Democratizing Education: Peter Norvig on Reaching a Global Audience

There is a growing rumble in the online education space. In order to understand the game, you’ll need to look at some of the key players: Coursera and Udacity are online education models that evolved from Stanford roots. Both organizations aim to bring the very best instruction available from elite universities to the masses for free. Coursera was founded by Stanford computer science professors and flipped classroom pioneers Andrew Ng and Daphne Koller. Udacity is a private educational organization with a similar goal of democratizing education and grew out of the free computer science classes offered through Stanford.

Peter Norvig is an American computer scientist and Director of Research at Google Inc. He specializes in artificial intelligence, having published the leading college text in the field “Artificial Intelligence: A Modern Approach.” In the fall of 2011 Norvig taught an online class on the subject with his colleague, Udacity founder Sebastian Thrun, who gave up his tenured position at Stanford to teach online courses.

Norvig delivered a TED Talk titled “The 100,000-student classroom” in which he shared what he and Thrun learned about reaching a global audience through online teaching. He and Thrun worked together to create an online class that would be equal or better than the flagship artificial intelligence class at Stanford … and to also bring it free to anyone who was interested in signing up. Norvig and Thrun watched in amazement as 50,000 people signed up during the first two weeks after the class’s announcement, and grew “a bit terrified” when it reached a total of approximately 160,000 students.

Norvig and Thrun took a lesson from the popularity of Khan Academy, realizing that short videos worked better than hour-long lectures. They decided to go even shorter than Khan’s traditional 10-minute videos, with videos never longer than six minutes that paused  in the middle for a quiz question to make it feel like a one-on-one session. Norvig and Thrun’s goal was to make nearly 160,000 students feel like they were the only student in the class, at least for a short time during a video lecture. To be able to instill that kind of mentorship feeling to an audience of that size is a truly remarkable feat.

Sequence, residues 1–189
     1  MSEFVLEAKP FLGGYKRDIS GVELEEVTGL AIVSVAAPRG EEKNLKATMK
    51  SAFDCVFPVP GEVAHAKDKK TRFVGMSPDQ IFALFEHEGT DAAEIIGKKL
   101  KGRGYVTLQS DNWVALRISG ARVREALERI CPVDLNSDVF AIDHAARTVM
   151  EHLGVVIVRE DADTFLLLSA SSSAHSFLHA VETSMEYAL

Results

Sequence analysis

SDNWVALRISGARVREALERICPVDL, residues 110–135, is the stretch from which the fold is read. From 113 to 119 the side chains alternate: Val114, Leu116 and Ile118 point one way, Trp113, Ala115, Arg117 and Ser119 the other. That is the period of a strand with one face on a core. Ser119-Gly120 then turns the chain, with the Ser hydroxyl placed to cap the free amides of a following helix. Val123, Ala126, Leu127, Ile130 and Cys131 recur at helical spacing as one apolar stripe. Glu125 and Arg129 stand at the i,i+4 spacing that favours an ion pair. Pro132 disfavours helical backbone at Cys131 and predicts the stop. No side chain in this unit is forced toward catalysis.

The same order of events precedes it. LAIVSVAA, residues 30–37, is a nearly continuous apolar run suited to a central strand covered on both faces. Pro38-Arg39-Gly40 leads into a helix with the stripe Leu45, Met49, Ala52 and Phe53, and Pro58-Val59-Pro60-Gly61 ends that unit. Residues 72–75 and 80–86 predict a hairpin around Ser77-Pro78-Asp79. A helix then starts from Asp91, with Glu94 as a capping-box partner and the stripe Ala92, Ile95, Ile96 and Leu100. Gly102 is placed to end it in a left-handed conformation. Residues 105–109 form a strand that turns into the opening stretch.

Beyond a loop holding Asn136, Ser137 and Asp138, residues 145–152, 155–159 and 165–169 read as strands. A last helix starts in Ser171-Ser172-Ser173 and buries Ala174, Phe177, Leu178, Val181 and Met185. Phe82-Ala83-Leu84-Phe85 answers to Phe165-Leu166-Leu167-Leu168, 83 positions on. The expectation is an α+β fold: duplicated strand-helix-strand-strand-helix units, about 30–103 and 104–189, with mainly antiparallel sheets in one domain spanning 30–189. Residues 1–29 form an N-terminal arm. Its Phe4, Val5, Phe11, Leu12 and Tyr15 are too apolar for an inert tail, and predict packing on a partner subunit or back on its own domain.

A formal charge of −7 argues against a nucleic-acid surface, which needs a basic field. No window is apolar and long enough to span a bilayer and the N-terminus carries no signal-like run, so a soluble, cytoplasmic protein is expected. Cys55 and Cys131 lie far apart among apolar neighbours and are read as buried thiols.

The course still had a sense of community as any memorable class should. Norvig pointed out that they had to include due dates for assignments in order to counteract the inevitable procrastination that happens when students are left to their own devices to watch videos at home. The due dates prompted discussion forums that materialized out of the student community. Students were able to reach out to their peers for help and receive assistance in minutes. Norvig presented screenshots of message boards, sub-reddits, Facebook groups, YouTube channels and Google+ hangouts. “Peers can be the best teachers, because they’re the ones that remember what it’s like to not understand,” Norvig said. “Of course, we couldn’t have a classroom discussion with tens of thousands of students, so we encouraged and nurtured these online forums.”

It is fascinating to observe what Peter Norvig learned from teaching such an enormous population of students. That he reached an audience of 160,000 students speaks to the goals of organizations like Coursera and Udacity, which aim to democratize education for the masses. The best instruction from the best teachers does not need to remain behind the walls of the elite universities of the world. Through the world-changing power of social media, quality education can be available to anyone with an internet connection.

This kind of education has shown up in recent news. Coursera struck a partnership with 12 universities, adding to their existing four partners, the University of Pennsylvania, Princeton, University of Michigan, and of course, Stanford. Last April, Coursera took a move that seemed to distinguish itself from Udacity’s computer science-oriented courses by adding humanities courses to its fall curriculum after raising $16 million in funding from two venture capital firms.

It doesn’t look like Coursera is trying to compete with Udacity. Both organizations are working toward similar goals, but there seems to be collaboration between the two. Neither organization seems to have a monopoly or claim to the greater online education space, and it appears that neither one desires it, either. Peter Norvig actually teaches on both platforms.

There is one hurdle remaining. On a FAQ section of Coursera’s site, a question reads “Will I get university credit for taking this course?” The answer is no. Coursera and Udacity both offer certificates of completion, but no actual course credit. At what point will this democratization of college education lead to actual credentialing? Alternative higher education models like Straighterline exist that feature video content and lead to university credit, but at a cost. Will there reach a time when free online models like Coursera and Udacity actually challenge the very value of higher education by rewarding course-takers with actual credit? This is a radical concept indeed, and the money-making nature of universities will likely render it a moot point, but it is certainly worth thinking about. In the above-answered FAQ, in addition to answering “no”, Coursera did go on to mention examples of students taking online courses specific to certain institutions and receiving credit (or partial credit) for that school. That seems reasonable enough. Take a University of Michigan-specific Coursera class while attending the University of Michigan and receive University of Michigan credit. Is it worth wondering if that kind of credit can transfer to other schools? Where does the next step lead?